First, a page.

Isn’t humor great? Doesn’t it feel good to laugh? And aren’t presentations with a little humor mixed in a lot of fun?
Of course, humor is great when it works, but what happens when you try to add a little humor in your presentations, and it just doesn’t fly? Not so fun, not so good.
Not too long ago I was working with a small group on their presentation skills, and we began talking about humor in presentations. The client quickly pulled me aside and said “Gail, we don’t encourage humor in our presentations around here. We find it way too risky.”
It got me thinking. If humor is so great when it works, and so bad when it doesn’t, maybe we need to learn a bit more about humor so we can decide when and how to use it, and how much of a risk we want to take.
Today let’s focus on why you might want to use humor. In future posts I will discuss the when and the how of using humor in your presentations, and finally, what not to do in using humor. My hope is that you might make wise choices in trying a little humor when appropriate in your presentations.
So why should you consider the use of humor, despite the risks?
• Humor can relax the audience – and us. One of the outcomes of laughter is a sense of release. If you are feeling stressed, or your audience is worried or distracted, good humor can be cathartic to everyone.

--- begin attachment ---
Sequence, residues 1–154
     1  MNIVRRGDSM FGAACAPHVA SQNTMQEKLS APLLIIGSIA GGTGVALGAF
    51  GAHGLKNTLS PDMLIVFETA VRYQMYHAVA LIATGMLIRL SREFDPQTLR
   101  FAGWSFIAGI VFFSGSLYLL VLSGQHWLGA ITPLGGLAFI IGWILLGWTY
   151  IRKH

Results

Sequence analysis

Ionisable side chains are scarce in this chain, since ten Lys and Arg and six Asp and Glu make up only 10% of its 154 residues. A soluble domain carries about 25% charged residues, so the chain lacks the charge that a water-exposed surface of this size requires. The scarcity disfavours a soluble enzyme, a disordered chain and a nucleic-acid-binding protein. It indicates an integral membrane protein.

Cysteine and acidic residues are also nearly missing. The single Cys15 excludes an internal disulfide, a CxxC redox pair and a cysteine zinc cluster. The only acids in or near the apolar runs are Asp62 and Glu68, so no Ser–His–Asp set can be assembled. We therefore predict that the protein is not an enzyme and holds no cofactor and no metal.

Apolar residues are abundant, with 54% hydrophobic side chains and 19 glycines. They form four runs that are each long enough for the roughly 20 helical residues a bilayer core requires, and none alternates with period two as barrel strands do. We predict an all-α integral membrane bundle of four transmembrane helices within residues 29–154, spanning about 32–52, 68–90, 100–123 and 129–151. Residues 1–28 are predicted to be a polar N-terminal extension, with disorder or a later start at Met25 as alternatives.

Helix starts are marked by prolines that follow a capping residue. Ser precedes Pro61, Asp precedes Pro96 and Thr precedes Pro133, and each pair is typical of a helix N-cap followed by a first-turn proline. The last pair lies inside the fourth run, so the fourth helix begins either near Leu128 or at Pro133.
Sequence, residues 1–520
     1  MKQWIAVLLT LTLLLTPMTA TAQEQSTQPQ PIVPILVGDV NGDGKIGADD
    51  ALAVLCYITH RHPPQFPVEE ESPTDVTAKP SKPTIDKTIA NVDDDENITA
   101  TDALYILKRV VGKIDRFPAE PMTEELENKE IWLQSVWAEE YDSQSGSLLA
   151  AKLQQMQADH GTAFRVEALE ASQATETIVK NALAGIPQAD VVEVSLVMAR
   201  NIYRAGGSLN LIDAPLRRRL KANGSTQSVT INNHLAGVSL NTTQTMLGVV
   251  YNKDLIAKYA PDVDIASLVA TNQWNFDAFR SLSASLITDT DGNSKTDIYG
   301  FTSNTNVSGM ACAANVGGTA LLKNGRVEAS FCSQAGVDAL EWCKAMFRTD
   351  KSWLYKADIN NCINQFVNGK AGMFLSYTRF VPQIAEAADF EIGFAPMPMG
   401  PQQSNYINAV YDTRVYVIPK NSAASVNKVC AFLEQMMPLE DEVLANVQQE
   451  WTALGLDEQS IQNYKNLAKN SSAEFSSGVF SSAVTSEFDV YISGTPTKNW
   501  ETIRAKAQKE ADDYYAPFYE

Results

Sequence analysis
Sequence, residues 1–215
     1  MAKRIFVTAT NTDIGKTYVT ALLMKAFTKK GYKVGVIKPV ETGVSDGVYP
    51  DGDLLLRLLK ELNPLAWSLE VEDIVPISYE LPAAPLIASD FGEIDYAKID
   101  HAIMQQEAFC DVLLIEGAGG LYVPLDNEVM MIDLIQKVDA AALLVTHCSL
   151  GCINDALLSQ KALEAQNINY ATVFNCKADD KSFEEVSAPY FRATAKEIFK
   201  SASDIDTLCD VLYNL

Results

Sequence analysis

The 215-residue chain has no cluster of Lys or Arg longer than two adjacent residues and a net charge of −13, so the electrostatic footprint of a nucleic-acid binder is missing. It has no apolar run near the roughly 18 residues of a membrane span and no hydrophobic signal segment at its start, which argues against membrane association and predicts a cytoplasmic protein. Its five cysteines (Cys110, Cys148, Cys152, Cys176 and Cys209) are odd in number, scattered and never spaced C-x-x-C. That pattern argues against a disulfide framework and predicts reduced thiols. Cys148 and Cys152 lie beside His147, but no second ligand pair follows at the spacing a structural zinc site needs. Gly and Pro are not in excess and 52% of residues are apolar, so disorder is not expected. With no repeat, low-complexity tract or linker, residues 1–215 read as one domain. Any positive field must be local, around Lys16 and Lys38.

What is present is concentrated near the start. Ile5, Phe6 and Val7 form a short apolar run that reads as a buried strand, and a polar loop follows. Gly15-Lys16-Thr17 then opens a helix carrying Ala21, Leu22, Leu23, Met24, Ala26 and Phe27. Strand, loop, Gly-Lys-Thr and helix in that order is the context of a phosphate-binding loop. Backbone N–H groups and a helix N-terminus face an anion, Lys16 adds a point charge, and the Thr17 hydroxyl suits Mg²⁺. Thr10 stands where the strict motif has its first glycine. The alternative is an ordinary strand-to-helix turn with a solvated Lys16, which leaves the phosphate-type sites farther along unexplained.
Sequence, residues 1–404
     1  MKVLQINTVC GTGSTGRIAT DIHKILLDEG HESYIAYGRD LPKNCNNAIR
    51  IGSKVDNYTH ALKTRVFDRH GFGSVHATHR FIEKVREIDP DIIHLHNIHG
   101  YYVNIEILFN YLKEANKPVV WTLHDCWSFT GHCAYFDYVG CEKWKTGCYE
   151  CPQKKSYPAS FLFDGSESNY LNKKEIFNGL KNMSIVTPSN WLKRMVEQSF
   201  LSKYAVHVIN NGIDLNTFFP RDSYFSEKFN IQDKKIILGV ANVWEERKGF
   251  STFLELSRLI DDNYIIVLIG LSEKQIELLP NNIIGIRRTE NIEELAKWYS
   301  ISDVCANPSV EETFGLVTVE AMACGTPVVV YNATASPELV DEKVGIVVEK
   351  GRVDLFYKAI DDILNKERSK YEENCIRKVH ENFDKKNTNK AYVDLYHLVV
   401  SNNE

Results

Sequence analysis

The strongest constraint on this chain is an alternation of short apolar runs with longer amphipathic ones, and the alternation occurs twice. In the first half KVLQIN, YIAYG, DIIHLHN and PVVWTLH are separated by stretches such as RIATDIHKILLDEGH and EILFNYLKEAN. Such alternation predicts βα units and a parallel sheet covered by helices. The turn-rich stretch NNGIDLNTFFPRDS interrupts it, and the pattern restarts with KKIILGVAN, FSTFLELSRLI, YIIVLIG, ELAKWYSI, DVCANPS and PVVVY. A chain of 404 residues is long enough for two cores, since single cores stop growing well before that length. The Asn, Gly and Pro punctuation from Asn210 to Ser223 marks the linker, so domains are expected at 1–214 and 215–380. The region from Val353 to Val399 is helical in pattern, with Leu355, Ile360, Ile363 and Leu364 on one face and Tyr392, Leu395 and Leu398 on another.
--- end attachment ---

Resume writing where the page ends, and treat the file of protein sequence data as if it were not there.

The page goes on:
• Humor can build bridges. Once we have laughed together, we feel more like friends. We broke the ice. We are on the same side. Once we have laughed together, the audience is vested in your success, and you may feel and respond to that support.
• Humor can make us stand out from the crowd. When we spend all day in meetings and listening to webinars and speakers, one who makes you laugh feels like magic. Laughter releases endorphins, and who doesn’t need that in the midst of the workday.
• Humor can create and maintain interest. If you are a speaker who occasionally injects some humor, I am going to stay tuned in so I don’t miss the next one. I actually listen to you with anticipation.
• Humor can make us better speakers. When we see the smiling faces of our audience, and feel the release that laughter brings, and the feel-good chemicals start coursing through our bodies, we can feel more comfortable and confident. We think faster, speak with more authority, and stay in the present moment. No more worry, fear, or trying to remember our lines; we just communicate.
It’s all good. If the humor helps the audience relax and relate to us, and brings us closer together, then all is well and using humor was a wise choice. Of course, when it all goes badly, we get a different outcome. More on that next time.
How do you use humor in presentations? Is it OK to use humor in your culture? Has it ever backfired on you? What kinds of humor seem to work best? What advice would you give new or inexperienced presenters?